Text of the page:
Really? Cornell was a safety for you? By the way, on the West Coast, people hold UC Berkeley in the same regard that you hold Cornell (albeit people actually respect it because it’s a damn good school). Around 40 people in my (non-magnet (as I assume yours is), but competitive) public high school go to Berkeley a year. Nobody ridicules the kids who go to Berkeley, though.
However, considering that you obviously think Cornell is that bad, you probably shouldn’t go there.
On Berkeley, though:
-Intro class sizes are huge, particularly in high-demand courses like Computer Science. This is a gigantic flagship public school, over twice the size of Cornell. It’s difficult to get personal attention. You either thrive there or you don’t.
-The campus is nice, I guess, but people here think it’s pretty ugly, particularly compared to other schools in the area (Stanford, UCSC, UC Davis).
-Some of the area around Berkeley is pretty shady. It’s an urban college, and it doesn’t have a Morningside Heights or something around it. I definitely wouldn’t feel safe walking around the city alone (although if I end up there, I’ll probably end up getting used to it).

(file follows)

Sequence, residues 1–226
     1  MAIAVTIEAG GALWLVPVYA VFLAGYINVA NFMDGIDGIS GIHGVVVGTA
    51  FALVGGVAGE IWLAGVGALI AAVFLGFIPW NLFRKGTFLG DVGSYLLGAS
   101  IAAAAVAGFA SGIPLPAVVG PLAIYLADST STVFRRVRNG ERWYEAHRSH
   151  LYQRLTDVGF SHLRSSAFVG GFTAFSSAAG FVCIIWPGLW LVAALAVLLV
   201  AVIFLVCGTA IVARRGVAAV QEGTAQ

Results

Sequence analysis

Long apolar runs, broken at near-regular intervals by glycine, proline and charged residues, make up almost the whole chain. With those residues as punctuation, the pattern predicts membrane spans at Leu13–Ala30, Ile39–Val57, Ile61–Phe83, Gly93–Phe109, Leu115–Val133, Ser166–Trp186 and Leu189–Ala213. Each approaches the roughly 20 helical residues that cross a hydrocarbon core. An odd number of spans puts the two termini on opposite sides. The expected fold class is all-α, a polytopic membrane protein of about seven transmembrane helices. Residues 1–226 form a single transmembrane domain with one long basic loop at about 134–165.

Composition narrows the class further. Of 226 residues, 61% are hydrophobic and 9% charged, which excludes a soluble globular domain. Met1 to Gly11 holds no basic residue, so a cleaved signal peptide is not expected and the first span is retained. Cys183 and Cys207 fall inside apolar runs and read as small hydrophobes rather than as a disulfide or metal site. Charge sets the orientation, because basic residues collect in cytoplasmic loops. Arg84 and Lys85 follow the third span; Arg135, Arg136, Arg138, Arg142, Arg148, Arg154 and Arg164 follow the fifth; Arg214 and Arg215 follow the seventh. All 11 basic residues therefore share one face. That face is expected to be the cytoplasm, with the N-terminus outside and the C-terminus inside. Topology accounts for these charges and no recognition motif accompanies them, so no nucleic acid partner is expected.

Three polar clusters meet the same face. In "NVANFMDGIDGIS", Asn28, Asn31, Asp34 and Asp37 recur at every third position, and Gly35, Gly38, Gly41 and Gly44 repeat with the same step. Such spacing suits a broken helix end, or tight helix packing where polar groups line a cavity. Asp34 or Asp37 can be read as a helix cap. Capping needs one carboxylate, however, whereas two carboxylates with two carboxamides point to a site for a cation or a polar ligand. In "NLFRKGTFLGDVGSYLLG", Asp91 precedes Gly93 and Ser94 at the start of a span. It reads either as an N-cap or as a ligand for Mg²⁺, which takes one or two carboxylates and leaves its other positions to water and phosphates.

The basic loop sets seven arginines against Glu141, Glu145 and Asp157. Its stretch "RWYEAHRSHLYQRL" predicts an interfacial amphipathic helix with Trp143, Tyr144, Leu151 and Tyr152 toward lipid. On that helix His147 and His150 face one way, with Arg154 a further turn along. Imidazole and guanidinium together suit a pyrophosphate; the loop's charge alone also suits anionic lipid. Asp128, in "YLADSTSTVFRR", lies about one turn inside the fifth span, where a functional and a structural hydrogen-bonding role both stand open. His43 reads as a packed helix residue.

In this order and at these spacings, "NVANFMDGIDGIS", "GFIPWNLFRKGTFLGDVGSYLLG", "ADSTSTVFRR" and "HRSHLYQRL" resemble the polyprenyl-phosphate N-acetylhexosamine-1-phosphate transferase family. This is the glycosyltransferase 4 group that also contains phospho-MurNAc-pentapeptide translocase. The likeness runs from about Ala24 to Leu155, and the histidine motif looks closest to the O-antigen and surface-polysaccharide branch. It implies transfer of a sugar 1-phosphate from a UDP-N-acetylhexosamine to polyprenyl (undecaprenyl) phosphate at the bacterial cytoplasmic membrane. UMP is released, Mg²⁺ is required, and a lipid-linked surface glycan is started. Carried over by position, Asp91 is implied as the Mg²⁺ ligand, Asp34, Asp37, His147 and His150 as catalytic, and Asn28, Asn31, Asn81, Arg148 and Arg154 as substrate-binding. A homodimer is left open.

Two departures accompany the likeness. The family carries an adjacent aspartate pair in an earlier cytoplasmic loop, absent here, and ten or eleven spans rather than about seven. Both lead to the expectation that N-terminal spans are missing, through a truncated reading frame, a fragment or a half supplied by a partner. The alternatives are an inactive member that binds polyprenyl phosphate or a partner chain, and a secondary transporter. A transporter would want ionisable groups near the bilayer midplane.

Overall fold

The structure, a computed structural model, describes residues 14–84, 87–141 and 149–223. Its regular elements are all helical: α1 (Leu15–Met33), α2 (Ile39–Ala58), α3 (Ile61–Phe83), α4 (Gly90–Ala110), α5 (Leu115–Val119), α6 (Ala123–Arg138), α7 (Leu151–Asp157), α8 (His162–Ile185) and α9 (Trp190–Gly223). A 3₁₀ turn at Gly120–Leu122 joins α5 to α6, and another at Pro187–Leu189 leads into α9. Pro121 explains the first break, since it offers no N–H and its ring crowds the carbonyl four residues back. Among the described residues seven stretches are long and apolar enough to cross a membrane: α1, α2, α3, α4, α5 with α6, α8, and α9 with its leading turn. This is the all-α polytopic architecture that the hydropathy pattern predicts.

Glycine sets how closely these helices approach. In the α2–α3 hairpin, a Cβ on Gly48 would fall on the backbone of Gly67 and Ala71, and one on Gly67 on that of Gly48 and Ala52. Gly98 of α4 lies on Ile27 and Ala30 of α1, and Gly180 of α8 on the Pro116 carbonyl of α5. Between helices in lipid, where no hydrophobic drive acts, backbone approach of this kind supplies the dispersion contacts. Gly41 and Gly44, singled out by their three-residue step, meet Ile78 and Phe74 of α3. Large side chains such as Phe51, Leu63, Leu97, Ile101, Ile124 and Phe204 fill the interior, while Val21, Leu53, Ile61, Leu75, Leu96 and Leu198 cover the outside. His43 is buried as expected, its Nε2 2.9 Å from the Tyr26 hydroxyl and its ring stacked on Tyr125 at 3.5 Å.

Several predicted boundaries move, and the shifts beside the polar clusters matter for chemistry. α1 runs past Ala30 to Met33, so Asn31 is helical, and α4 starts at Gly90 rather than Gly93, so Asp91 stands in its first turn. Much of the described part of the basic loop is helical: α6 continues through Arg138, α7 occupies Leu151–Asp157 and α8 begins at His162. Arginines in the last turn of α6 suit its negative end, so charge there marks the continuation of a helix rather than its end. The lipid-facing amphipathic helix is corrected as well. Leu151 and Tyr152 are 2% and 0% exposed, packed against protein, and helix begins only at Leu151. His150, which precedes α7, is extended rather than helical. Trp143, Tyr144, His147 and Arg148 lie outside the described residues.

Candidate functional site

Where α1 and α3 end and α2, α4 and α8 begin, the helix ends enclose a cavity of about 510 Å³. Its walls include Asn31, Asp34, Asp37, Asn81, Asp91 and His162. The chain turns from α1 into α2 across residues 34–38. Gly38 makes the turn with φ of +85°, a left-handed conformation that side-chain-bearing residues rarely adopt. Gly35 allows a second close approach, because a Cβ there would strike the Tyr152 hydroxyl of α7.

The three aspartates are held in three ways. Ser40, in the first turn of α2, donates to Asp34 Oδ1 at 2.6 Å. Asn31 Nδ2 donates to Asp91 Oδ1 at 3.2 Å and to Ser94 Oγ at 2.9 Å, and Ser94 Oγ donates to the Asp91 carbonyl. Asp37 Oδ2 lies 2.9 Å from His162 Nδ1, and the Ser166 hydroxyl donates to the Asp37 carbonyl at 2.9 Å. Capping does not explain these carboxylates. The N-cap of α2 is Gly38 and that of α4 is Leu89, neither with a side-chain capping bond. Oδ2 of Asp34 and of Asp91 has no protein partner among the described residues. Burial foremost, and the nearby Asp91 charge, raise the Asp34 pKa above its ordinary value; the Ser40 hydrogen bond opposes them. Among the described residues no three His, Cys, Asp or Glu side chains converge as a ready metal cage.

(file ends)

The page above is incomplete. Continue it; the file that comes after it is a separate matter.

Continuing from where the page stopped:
I don’t know much about Cornell, so I can’t say anything there.
If you want unbiased advice, you probably shouldn’t insult the people you’re asking advice from.
Go to Berkeley if you’re concerned its the worst Ivy. You’ll probably be happy knowing you’re going to the best public university in the States.
OP, I think you are sort of delusional.
…"most of them got into Stanford "??? Are you sure about that? It was something like a 4% acceptance rate this year.
They are both great schools, similar in rankings and status. Go where you’d be the happiest. I wouldn’t want to pay out of state tuition at Cal (assuming you’re not a Californian). But everyone is different. And it sounds like your friends are a bunch of elitists to make fun of Cornell…really.
@Renomamma He’s saying that most of the people who got into Berkeley (6 in his class) also got into Stanford.
Thanks @Janizary . I still find that hard to believe.